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< Contents ERCIM News No. 63, October 2005

Adaptive Scene and Traffic Control in Networked Multimedia Systems

by Leif Arne Rønningen

The Distributed Multimedia Plays (DMP) Systems Architecture provides three-dimensional multiview video and sound collaboration between performers over packet networks. To guarantee an end-to-end time delay under twenty milliseconds, and to obtain high network resource utilization, the perceived quality of audio-visual content is allowed to vary with the traffic in the network. Typical applications are in the next generation of televisions (Multimedia Home Platform (MHP) extended with DMP), games, education, and virtual meetings that have a realistic feel. The architecture is also suitable for use in creating virtual collaborations for jazz sessions, music lessons and distributed opera.

Research at the Norwegian University of Science and Technology is building on the concept of DMP, which was first proposed in 1996 as an extension to MHP. A collaborative effort is underway between researchers in the departments of Psychology, Telematics and Art and Media Studies, with research looking at the design and testing of visual sequences that support a comparison between realistic meetings and virtual collaborative meetings using three-dimensional, high-resolution display.. The temporal and spatial resolution will be varied for individual objects in scenes. Eye movements and object focus are tracked when subjects watch selected video clips. Practical applications for this developing technology could be in use before 2015.

A DMP terminal system is shown in Figure 1. The two upper layers must always be present, while the two lower layers represent wireless and fibre alternatives. Network nodes include resolution and traffic control in addition to normal routing functions.

Figure 1: The DMP Terminal System.

Scene Characteristics
To give the virtual collaboration a natural feel, the size, form and position of objects should be near natural size, the displayed picture shall be flicker-free, and individual pixels should not be visible at a viewing distance of fifty centimetres. The normal comfortable distance between people generally varies between fifty centimeters and several metres, but may also be several hundred metres. The natural viewing area of human eyes is used as the ‘frame’ of the scene.

Sub-objects and 2D Interlace
In the RL algorithm - an integrated resolution and traffic control algorithm - each object is divided into two, four or more sub-objects, which are sent in separate streams. This is called the 2D interlace.

Video Segmentation and Multiview Shooting
Object recognition and tracking is carried out by analysing video sequences, shot by multiview cameras. Some of the most important factors for DMP are face and eye recognition and tracking. Note that the motion estimation of object-oriented scene objects is moved away from the coder (compressor) to the object- and eye-tracking systems.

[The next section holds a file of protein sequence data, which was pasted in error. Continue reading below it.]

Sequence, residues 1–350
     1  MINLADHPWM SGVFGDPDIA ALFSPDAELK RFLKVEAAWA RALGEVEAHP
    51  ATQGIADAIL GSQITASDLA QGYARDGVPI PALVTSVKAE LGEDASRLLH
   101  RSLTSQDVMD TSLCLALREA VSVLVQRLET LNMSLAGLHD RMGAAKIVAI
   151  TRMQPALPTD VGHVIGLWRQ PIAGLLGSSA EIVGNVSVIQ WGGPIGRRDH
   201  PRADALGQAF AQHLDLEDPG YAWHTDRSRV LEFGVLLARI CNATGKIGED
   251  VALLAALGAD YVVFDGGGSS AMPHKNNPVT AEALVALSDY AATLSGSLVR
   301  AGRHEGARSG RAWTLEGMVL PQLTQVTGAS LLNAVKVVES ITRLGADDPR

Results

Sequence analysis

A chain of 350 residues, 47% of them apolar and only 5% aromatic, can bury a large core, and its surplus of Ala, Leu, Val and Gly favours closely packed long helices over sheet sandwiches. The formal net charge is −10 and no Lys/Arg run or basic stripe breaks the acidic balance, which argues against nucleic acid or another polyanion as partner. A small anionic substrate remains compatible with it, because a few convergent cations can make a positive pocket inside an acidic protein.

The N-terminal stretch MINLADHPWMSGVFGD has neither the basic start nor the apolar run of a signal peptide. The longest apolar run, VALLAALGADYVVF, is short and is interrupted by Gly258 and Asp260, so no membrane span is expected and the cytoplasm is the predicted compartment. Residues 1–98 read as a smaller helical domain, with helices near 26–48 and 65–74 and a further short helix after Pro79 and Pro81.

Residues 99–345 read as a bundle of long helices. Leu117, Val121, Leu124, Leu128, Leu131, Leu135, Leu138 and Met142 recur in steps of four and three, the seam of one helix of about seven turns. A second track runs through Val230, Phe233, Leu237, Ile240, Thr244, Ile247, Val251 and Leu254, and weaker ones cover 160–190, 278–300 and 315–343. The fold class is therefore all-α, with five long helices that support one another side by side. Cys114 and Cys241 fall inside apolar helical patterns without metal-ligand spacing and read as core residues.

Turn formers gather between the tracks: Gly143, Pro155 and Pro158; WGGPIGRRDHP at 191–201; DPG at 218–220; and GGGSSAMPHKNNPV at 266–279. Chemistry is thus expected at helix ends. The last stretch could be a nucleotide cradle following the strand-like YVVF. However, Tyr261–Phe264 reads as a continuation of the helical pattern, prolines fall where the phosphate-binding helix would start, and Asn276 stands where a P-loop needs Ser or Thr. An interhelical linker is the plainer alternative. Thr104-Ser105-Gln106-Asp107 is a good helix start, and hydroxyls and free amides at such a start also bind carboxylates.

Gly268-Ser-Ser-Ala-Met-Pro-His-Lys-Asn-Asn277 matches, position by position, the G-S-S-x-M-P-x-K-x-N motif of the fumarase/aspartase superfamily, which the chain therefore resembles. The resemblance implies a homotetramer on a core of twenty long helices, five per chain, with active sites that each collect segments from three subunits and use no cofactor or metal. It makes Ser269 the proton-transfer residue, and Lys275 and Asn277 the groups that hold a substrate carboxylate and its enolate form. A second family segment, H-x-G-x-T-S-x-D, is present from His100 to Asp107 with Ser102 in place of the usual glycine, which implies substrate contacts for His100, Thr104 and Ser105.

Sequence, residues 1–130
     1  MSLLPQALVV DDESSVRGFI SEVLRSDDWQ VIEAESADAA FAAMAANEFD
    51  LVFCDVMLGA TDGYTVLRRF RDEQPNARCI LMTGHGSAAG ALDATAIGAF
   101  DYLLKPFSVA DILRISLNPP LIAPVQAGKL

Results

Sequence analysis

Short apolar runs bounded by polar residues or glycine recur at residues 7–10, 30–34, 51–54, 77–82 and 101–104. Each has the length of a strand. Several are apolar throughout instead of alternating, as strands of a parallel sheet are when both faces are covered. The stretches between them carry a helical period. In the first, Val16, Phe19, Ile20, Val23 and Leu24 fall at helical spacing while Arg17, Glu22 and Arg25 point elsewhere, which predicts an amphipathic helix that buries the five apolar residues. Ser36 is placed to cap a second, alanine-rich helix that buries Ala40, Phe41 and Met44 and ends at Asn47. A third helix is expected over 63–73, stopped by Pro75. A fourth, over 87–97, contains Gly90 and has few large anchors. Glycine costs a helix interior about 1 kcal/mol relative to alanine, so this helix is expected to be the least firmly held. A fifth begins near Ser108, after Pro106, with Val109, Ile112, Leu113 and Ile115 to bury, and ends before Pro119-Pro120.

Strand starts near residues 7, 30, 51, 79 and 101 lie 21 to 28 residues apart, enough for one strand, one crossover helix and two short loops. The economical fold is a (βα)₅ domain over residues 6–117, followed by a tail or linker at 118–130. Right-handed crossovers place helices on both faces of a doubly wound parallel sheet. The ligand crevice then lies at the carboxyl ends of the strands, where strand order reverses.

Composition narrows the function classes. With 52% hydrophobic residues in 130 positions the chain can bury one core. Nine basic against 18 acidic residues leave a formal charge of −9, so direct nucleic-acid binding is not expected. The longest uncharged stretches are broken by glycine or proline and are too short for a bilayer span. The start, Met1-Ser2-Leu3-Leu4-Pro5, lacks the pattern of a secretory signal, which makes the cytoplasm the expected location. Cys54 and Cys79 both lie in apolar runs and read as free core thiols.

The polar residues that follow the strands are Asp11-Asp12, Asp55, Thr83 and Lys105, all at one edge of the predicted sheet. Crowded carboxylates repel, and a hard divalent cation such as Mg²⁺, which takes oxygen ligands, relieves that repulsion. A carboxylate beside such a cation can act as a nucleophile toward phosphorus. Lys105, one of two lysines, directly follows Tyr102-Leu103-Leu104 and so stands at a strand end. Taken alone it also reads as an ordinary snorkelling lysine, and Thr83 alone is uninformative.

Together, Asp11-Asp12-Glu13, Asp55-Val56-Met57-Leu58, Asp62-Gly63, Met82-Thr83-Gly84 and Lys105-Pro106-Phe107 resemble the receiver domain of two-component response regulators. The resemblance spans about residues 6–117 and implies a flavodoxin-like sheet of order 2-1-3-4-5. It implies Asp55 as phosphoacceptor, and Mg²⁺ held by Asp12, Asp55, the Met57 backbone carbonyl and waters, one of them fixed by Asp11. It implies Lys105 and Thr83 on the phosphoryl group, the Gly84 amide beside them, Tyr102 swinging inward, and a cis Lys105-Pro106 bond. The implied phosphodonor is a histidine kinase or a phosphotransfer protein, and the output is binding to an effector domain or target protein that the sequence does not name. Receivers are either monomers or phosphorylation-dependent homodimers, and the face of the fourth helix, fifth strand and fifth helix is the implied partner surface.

Compression and Coding
Compression algorithms can make use of the Discrete Cosine Transform together with Huffman coding, or wavelet transforms that represent data in the time-frequency space. The Wavelet transform makes level scalability easy.

The RL Resolution and Traffic Control Algorithm
A detailed description of the RL-C algorithm can be found in the reference. Simulations show that the end-to-end delay can be guaranteed. However, formal tests must still be conducted to show when and to what extent the time-varying resolution of audio-visual content is acceptable.

Service and Scene Setup, and Address Allocation
SMIL (Synchronized Multimedia Integration Language) is used for scene composition. The SIP/TCP/IPv6 protocols are used for set-up, and the SIP URL identifies services, scenes and subscenes. Parameters in the combined RTP/UDP/IPv6 protocol header identify the same for content transfer. IPv6 addresses will be allocated in a private way, and the SIP and RTP protocols are adapted for this application.

Variable-Resolution Display
A viewer focuses on one scene object at a time, and most viewers focus on the same object at any given time. An eye-tracking system identifies these objects, and orders the encoder on the shooting side to shoot and represent these objects with high resolution.

A Virtual Dinner Scenario
Researcher A in Trondheim enters his dining room, sits on his sofa and requests a Virtual Dinner with researcher B in Padova, also sitting on his sofa. This interaction generates different levels of traffic from A sent to B. The system ‘finds’ two faces and a plate with food for researcher B. A and B talk for about 30 seconds (7 Gbps), then researcher A arises (0.5-1 sec), goes out for a plate of food (5-10 sec), is absent (1-2 min), returns (5-10 sec) and sits down (0.5-2 sec). This increases traffic to nearly 60 Gbps, which then drops to the background of 127 Mbps. The system tracks the plate and the food. They start eating and talking, during which their faces, arms, hands, plates and food dominate the data rate, about 8 Gbps.

Figure 2: Virtual Dinner, traffic generated by researcher A (time-scale not correct)

Researcher B stands up and walks across the room. After a few minutes they need to talk to researcher C in Poznan, and establish a three party DMP. After eating, B leaves the room. A asks the system to disconnect B. Meanwhile, researcher C has to leave home and go to his office, but he wants to continue the session with A while travelling to the office.
PhD funding has been provided from the Research Council of Norway (NFR).


Please contact:
Leif Arne Rønningen, Norwegian University of Science and Technology (NTNU), Norway
Tel: +47 9003 0473